Our Fear is Real
“Do not fear.” It could not be clearer. We know the One who holds the world in His hands. He appoints leaders and topples kingdoms. He directs the king’s heart like a watercourse (Proverbs 21:1). Our God is mighty beyond the telling. He is sovereign and omnipotent.
So — why are we still afraid? First, it’s helpful to identify the fear that runs beneath our fear. The fear that says, “What is wrong with me that I continue to feel anxious and scared despite God’s clear instructions to simply trust Him?”
You don’t have to teach children to be afraid. Counselor Ed Welch, faculty member at Christian Counseling & Educational Foundation (CCEF) and author of Running Scared: Fear, Worry, and the God of Rest, describes the regularity with which his 2-year-old grandson wakens terrified in the night.
“Kids today live in the safest environment in all of history — there’s no reason for my grandson’s deep, horrible fear. But this exists in every fallen human heart. Somehow, without anyone telling them, kids know that they live in a world that isn’t safe and that they need the right person to be close.”
The world isn’t safe — and the God Who reigns over it all does not minimize or dismiss our fears. Psalms 56:3 says, “When I am afraid, I put my trust in you.” This assumes there will be fear on our part. And the frequent repetition of “do not be afraid” suggests that we will not get it the first time around, or the second, or the third. “This doesn’t remind us we’re pathological,” says Welch. “It reminds us of reality.” We are frail creatures.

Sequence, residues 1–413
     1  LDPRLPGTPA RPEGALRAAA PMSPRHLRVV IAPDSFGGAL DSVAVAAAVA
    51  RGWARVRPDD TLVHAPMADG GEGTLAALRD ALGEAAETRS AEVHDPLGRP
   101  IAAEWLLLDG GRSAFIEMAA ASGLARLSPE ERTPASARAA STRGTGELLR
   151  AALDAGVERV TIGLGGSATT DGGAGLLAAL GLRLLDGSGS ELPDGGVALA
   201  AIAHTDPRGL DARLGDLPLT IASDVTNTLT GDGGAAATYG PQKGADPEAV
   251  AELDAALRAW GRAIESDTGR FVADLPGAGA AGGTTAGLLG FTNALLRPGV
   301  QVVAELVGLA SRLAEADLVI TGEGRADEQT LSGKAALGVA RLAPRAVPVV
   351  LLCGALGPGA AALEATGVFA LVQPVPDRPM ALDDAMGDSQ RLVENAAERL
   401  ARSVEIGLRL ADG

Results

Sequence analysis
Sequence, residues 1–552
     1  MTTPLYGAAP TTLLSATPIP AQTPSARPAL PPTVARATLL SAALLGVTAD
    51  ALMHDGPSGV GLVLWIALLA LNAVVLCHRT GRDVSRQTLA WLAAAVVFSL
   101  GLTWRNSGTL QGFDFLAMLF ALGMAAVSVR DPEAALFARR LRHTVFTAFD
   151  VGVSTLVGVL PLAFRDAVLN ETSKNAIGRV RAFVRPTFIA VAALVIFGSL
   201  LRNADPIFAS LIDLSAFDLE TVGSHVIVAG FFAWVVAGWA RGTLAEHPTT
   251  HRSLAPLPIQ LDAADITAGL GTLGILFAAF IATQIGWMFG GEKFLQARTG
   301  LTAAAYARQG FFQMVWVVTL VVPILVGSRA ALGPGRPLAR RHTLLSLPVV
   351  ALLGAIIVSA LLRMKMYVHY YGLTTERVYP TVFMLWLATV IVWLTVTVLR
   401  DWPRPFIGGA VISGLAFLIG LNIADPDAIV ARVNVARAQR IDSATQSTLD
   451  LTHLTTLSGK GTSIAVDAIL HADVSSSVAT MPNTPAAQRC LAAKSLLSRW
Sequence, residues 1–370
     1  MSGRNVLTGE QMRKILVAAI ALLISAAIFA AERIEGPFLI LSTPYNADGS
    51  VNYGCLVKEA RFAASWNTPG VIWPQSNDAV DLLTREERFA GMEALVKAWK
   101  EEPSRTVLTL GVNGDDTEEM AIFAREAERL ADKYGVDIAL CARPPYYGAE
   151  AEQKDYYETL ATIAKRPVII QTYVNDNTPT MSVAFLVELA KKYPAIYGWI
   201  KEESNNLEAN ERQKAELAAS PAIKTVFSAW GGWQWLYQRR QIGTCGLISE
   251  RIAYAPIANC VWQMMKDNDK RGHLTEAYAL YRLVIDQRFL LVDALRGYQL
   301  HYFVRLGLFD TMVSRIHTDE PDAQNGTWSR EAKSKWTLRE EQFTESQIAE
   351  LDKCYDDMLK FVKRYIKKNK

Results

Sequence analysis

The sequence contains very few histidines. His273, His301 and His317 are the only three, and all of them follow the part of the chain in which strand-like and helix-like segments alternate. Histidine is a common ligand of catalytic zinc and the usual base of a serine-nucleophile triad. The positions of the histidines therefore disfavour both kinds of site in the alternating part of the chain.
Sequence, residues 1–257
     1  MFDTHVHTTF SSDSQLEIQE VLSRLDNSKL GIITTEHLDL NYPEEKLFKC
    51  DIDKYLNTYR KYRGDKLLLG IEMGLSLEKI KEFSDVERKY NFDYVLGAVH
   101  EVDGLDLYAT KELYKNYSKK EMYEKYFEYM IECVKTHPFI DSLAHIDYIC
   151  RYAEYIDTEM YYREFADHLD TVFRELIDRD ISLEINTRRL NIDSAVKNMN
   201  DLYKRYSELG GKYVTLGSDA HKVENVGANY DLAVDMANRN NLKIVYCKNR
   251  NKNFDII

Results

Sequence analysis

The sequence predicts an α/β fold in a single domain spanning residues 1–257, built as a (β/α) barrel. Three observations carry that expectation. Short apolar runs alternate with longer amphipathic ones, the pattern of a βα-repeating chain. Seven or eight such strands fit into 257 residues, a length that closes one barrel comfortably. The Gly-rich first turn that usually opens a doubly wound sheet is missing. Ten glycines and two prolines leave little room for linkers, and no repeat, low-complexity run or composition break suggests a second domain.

So, how do we capture Scripture’s tone for the command “do not be afraid”? Welch describes the talk he used to give his teenage daughters when they were new drivers. “I would say ‘drive carefully,’ and they would smile and know that what I was really saying was, ‘I love you, and I want to see you tonight and tomorrow, so drive carefully so you can come back to me.’”
He relates the same loving parental context to the “Fear not little flock” passage from Luke 12:32. “It’s as if God is saying, ‘I know you live in a perilous world, and that you feel like little lambs, the littlest of a vulnerable species.’”
Understanding the Logic of Fear
If you listen closely to the stories fear whispers to you, you’ll find a common thread. Under every tale there’s an unspoken assumption that you are alone, and there is no one bigger than you to trust. The foundational logic of fear says that we live in an autonomous world where we must take care of ourselves, because if we don’t then no one else will.
But our feelings are not always reliable indicators of truth. Instead, we must turn to Scripture to discern our true spiritual reality. “And I will ask the Father, and he will give you another Counselor to be with you forever — the Spirit of truth. … He lives with you and will be in you. I will not leave you as orphans; I will come to you” (John 14:16-18).
Welch recommends that when we sense our fears trying to overtake us, we should take the unnatural step of pausing instead of fleeing. “Be still and know I am God: I will be exalted in the nations, I will be exalted in the earth” (Psalms 46:10).
“It’s natural to try to outrun our anxieties, but something more leisurely is an expression of faith,” says Welch. He suggests that we enter into the fear rather than run around it. And, in doing so, ask ourselves these questions: Why am I so afraid? What are my fears saying? And what is being threatened?